Intermittent renewable sources (wind and solar), electric vehicles, and smart loads will vastly change the behavior of the world’s biggest machine, the electric power grid, and will result in new stochastics and dynamics that the grid has never seen nor been designed for.
Optimizing such a stochastic and dynamic grid with sufficient reliability and efficiency is a monumental challenge. Not solving this problem appropriately or accurately could result in either significantly higher energy cost, or decreased reliability inclusive of more blackouts, or both. Power grid data are clearly showing the trend towards dynamics that cannot be ignored and would invalidate the quasi-steady-state assumption used today for both emergency and normal operation.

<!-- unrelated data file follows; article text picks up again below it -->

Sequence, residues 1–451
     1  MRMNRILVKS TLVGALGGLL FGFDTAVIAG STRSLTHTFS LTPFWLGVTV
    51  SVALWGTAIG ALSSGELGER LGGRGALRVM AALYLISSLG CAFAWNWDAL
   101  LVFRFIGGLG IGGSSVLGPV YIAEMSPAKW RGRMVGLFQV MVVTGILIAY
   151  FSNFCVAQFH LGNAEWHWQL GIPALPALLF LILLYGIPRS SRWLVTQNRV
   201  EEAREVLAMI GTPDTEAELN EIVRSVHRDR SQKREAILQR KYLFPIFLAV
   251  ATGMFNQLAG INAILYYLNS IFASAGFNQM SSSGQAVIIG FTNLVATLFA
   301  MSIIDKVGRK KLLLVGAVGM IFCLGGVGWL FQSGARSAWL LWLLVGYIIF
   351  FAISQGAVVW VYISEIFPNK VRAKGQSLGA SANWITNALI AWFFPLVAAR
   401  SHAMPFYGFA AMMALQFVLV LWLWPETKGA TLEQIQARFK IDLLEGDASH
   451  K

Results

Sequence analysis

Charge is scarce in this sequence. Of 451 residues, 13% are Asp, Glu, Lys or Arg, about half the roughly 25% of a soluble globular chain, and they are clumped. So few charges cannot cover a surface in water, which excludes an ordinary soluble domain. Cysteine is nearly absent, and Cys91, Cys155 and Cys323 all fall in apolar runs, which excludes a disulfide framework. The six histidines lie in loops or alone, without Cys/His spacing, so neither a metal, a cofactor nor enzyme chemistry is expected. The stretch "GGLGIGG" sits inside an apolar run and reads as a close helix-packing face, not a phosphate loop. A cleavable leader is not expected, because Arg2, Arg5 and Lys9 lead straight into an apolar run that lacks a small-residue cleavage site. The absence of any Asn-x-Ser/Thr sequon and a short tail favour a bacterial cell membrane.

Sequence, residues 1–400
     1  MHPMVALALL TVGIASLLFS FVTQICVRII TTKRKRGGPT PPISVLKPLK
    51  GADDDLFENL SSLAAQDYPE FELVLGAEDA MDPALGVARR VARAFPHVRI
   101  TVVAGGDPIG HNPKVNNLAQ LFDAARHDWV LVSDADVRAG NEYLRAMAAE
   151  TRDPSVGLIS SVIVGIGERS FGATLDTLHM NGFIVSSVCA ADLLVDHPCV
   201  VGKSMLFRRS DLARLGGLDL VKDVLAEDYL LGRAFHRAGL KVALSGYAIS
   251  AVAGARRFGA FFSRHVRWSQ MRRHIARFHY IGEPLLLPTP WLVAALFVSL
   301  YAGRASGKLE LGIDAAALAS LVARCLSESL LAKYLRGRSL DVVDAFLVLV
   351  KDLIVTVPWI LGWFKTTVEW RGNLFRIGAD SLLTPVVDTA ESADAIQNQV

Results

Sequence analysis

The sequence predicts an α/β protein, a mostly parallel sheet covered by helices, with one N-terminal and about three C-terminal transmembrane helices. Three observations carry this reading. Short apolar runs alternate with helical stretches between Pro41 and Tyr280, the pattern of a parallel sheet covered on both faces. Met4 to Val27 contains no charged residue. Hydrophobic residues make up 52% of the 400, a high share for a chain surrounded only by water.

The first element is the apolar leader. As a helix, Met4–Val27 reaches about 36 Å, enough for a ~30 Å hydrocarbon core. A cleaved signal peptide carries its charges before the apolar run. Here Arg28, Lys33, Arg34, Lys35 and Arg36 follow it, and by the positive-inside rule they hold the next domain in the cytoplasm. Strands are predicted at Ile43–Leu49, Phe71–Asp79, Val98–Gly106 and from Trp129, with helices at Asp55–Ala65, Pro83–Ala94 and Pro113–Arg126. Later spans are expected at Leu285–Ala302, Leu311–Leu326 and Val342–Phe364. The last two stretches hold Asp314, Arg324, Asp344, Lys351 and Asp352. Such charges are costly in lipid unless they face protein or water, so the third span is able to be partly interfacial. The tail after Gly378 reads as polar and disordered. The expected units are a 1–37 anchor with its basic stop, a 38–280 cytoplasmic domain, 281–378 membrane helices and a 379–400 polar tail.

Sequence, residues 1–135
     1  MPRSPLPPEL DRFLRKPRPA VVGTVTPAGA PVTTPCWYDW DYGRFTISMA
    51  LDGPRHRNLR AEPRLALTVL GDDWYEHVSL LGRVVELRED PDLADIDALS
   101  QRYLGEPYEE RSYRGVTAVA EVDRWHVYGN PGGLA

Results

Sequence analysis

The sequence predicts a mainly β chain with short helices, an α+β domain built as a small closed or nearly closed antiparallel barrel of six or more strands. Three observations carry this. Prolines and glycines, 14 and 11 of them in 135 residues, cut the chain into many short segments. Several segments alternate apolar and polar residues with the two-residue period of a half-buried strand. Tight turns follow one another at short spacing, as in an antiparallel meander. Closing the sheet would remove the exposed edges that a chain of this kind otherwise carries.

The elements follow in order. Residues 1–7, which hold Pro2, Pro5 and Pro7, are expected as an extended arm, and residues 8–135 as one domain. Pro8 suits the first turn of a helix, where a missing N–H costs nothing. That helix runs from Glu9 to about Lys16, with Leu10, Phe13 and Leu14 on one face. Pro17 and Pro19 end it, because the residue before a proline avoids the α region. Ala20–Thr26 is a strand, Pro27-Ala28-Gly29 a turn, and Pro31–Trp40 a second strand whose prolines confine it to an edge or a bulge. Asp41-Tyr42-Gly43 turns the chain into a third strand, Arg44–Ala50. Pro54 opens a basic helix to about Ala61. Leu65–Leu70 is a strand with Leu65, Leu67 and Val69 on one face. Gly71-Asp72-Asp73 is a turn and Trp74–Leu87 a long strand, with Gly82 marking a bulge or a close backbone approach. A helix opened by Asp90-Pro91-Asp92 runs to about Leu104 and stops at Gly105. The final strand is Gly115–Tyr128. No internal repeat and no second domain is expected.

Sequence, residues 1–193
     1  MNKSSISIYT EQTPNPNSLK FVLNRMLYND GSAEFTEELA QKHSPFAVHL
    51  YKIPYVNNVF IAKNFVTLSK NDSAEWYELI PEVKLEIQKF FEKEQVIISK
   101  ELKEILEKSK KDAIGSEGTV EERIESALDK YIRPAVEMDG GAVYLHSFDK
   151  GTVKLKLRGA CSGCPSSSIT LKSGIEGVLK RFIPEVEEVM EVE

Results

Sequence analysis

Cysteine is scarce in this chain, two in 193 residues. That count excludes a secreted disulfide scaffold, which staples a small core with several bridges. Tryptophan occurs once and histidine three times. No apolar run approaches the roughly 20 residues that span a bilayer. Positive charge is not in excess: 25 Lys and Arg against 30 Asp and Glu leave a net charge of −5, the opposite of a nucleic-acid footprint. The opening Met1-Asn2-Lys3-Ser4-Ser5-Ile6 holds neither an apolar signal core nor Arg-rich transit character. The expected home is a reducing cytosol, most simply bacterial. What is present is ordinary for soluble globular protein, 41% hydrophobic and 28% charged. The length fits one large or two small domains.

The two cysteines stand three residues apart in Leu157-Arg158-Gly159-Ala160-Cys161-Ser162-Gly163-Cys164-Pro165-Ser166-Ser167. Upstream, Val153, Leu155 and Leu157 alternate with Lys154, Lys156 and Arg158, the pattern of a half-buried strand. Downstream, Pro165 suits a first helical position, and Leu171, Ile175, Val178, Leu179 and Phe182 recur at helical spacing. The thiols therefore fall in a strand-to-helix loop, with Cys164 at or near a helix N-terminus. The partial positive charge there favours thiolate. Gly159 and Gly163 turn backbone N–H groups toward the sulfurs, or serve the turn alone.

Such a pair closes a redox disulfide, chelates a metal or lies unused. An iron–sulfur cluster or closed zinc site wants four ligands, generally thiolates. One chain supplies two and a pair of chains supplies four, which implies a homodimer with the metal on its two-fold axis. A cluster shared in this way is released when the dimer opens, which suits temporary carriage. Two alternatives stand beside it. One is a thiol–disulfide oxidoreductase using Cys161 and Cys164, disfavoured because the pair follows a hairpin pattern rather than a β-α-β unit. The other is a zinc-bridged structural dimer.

The increased uncertainty and dynamics severely strains the analytical workflow that is currently used to obtain the cheapest energy mix at a given level of reliability. The current practice is to keep the uncertainty, dynamics and optimization analysis separate, and then to make up for the error by allowing for larger operating margins.
The cost of these margins is estimated by various sources to be in $5-15B per year for the entire United States. The situation will become far worse when allowing for the increased dynamical content and uncertainty compatible with renewable energy penetration levels that meet and exceed those the US aims for by 2030. It is the objective of this project to create the software tools that, leveraging exascale computing, can result in the best achievable bounds on these errors and thus resulting in potentially billions of dollars a year in savings by producing the best planning.